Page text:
THE PUBLIC EYE:Trump’s Search for a Big Win

Bob Burnett
Friday September 13, 2019 - 03:17:00 PM

After a disastrous August, Donald Trump staggered into September. To some observers, Trump appeared to exhibit symptoms of a nervous breakdown; for example, spending a week defending his claim that Hurricane Dorian had threatened Alabama. He's cracking under pressure. Trump knows he is in political trouble. He's desperately searching for a big win.

On September 7, Trump called off a secret Camp David meeting with Taliban leaders, where he planned to sign an Afghanistan "peace agreement." This was Trump's ill-considered attempt at a big win.

In the 100 plus days between now and the end of the year, there are eight areas where Trump will search for political capital: the economy, foreign policy, gun control, government funding, healthcare/drug policy, impeachment, national security, and trade.

Impeachment: On September 12, House Democrats launchd a formal impeachment inquiry. Trump will not be able to make the multiple inquiries go away -- there's no big win for him with this situation. Instead, Trump will be subjected to more pressure, which will feed his desperate search for political capital. -more-


Jack Bragen
Friday September 13, 2019 - 03:14:00 PM

If mentally ill and working, taking a sick day when not feeling well could be appropriate, or it could be the beginning of the end.

In general, the expectations of most employers are that mental or psychological reasons for taking a sick day are not valid reasons. This is disablist. It does not acknowledge that if you are mentally ill, you might not be up for work on occasion. Mental illnesses in the minds of most employers are not really being sick. They believe that the employee is making excuses to get out of work. However, a flareup of mental illness is just as real and just as valid as influenza.

On the other hand, sometimes taking a sick day can lead to a breach of the basic discipline that allows us to show up for work. If we already have emotional difficulty showing up for a job, taking a sick day could lead to more sick days, and more. Taking a sick day, if work is challenging, might weaken the resolve to hang in there at one's job.

When I was a high school sophomore, I had a habit of taking one day off most weeks, toward the end of that year. I'd ask my mother to write a note, and she would do it. I'd already had a brother who'd been violently attacked by other students. He'd had to quit high school because of that.

High school is a completely different thing than the work world, however. Companies need to be able to rely on employees showing up--or they will be unable to function in business. They may be forced to efficiently eliminate those who can't be there on a daily basis. I've had jobs in which I had no sick days for six months to a year. This suited employers just fine. -more-

SMITHEREENS: Reflections on Bits & Pieces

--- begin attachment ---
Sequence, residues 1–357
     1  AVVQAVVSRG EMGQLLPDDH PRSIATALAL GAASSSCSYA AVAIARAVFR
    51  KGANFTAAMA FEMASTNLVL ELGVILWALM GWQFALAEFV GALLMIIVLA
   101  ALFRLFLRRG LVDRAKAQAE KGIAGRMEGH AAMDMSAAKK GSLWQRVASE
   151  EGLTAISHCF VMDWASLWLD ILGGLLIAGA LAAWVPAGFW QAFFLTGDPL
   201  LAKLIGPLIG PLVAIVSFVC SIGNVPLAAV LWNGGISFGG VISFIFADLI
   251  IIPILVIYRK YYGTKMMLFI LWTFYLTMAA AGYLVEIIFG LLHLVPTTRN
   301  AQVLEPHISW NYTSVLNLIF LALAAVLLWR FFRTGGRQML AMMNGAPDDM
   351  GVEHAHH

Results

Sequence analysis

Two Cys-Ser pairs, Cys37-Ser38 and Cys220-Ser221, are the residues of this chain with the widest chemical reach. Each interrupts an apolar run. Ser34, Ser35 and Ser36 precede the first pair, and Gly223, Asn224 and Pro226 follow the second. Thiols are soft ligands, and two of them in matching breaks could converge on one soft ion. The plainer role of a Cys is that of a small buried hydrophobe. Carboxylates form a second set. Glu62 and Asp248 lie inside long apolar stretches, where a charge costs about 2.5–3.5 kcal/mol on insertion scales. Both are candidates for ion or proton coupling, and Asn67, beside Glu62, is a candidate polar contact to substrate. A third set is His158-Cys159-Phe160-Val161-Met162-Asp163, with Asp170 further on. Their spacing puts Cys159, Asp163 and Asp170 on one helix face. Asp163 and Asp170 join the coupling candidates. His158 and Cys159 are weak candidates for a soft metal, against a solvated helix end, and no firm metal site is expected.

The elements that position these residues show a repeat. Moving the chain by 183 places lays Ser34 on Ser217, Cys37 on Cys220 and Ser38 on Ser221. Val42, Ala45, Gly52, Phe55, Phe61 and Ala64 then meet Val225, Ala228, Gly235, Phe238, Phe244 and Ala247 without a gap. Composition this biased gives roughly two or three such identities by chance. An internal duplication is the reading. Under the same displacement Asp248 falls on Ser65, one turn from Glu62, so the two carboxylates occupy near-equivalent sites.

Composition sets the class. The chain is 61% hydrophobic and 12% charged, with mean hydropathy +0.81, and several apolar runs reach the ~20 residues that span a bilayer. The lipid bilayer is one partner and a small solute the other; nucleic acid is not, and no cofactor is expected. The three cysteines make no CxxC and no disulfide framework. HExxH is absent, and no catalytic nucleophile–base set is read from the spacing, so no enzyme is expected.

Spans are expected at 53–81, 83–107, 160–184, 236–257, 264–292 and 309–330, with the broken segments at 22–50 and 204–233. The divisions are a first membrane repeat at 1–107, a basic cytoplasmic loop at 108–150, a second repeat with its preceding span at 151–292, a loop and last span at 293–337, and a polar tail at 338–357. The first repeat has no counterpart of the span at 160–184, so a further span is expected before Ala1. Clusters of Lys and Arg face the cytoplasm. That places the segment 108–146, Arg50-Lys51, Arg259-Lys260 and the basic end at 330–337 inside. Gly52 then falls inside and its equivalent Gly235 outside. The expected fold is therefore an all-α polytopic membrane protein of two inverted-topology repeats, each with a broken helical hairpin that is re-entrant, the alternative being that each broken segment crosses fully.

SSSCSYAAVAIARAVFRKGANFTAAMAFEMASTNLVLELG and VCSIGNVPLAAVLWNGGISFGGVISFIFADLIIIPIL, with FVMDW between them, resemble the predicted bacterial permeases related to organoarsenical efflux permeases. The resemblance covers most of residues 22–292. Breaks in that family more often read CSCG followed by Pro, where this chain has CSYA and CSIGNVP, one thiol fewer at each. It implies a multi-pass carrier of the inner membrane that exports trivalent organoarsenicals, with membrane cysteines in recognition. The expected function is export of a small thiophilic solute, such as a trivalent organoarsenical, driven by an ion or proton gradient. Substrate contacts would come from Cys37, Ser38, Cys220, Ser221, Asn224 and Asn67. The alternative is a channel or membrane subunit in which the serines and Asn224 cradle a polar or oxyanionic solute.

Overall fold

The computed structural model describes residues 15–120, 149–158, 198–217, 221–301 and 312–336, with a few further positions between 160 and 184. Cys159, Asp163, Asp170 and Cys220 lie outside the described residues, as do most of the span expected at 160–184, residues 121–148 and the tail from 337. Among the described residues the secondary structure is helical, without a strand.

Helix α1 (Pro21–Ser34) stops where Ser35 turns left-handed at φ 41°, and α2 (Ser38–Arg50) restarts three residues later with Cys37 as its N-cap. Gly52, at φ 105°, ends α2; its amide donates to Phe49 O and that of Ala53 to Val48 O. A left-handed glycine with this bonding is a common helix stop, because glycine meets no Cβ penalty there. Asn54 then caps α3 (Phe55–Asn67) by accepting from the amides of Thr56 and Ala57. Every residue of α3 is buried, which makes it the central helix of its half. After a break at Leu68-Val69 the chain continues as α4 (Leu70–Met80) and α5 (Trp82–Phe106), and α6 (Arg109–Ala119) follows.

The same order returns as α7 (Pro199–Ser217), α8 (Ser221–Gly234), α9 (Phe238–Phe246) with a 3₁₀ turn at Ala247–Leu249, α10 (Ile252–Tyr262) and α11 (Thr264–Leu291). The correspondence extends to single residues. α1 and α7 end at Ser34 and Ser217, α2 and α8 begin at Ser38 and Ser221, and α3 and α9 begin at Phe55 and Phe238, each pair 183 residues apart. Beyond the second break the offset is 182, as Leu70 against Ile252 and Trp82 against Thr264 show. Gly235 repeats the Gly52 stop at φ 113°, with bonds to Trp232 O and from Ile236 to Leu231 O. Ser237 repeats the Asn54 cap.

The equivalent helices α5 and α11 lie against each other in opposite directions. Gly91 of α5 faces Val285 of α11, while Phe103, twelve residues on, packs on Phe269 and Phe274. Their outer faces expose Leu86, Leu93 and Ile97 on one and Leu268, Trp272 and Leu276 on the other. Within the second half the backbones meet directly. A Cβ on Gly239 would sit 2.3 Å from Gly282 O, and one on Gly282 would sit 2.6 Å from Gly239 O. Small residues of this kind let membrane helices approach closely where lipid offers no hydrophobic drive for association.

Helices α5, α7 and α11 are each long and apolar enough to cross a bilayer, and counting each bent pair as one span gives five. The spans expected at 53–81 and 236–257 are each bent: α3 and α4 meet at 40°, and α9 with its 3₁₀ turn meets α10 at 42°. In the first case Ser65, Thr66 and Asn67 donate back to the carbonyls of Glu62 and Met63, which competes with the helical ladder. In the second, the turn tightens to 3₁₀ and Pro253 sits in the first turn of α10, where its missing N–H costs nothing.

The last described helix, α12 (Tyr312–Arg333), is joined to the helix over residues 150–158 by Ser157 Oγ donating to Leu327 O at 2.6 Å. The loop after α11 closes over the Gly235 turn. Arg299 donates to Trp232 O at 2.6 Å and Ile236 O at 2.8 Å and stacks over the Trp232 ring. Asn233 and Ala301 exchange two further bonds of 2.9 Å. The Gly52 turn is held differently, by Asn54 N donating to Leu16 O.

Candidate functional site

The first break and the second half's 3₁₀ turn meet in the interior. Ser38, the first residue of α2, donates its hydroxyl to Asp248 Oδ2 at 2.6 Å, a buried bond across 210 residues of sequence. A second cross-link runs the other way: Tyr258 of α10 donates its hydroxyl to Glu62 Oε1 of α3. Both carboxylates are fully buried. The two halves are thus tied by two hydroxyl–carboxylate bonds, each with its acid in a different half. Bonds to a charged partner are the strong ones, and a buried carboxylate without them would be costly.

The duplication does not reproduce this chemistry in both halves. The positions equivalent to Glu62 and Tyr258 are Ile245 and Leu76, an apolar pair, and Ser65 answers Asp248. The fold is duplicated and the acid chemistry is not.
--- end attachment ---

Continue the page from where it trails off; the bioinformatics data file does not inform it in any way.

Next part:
Gar Smith
Friday September 13, 2019 - 03:19:00 PM

Donald Trump has been called many things: The Orange Menace, The Grinch, The Lyin' King, The Reprimander-in-chief. But a recent New York Times article—on DJ's plan to end federal oversight of two mortgage behemoths—found a new and simpler moniker for the Oval Office resident.

In the September 8, 2019 edition of the S.F. Chronicle, the article's first sentence read: "The Trump has unveiled a long-awaited plan to end federal control of two mortgage giants." [Emphasis added.]

The online version of the story has been corrected to read: "The Trump administration has unveiled…."

Bye-Bye Bolton

National Security Advisor and warhawk extraordinaire John Bolton has been jettisoned by D. Trump. After praising Bolton for years—telling friends Bolton was “a killer” during his appearances on Fox News—Trump has given Bolton the boot. One contributing problem (shared by many and cited by several news organs, including TIME Magazine) "the president has voiced some unhappiness about Bolton’s trademark mustache."

NPR's report on Bolton's firing mentioned the president's reservations over Bolton's mustache. A New York Times article confirmed that Trump was reluctant to hire Bolton: "[O]fficials said Mr. Trump has hesitated, in part because of his negative reaction to Mr. Bolton’s walrus-style mustache." -more-

ECLECTIC RANT: Gerrymandering after Rucho v. Common Cause

Ralph E. Stone
Friday September 13, 2019 - 04:35:00 PM

Gerrymandering is manipulating the boundaries of (an electoral constituency) so as to favor one party or class.

The U.S. Supreme Court’s ruled in Rucho v. Common Cause that federal courts cannot determine whether election maps are too partisan or gerrymandered. In other words, the Supreme Court ruled that the question is non justiciable by the federal courts.

This decision has raised the stakes for the 2020 election, leaving room for both parties to draw gerrymandered district lines with little fear of a federal court challenge gerrymandering. For example, In a major blow to Republicans who control the state legislature, a North Carolina State Court panel threw out North Carolina’s state legislative maps as an unconstitutional partisan gerrymander and ordered lawmakers to draw up new ones in two weeks. This North Carolina decision could serve as a blueprint for legal challenges in other states.

Otherwise it will be up to the individual states to create independent election commissions that use nonpartisan means to draw House districts. -more-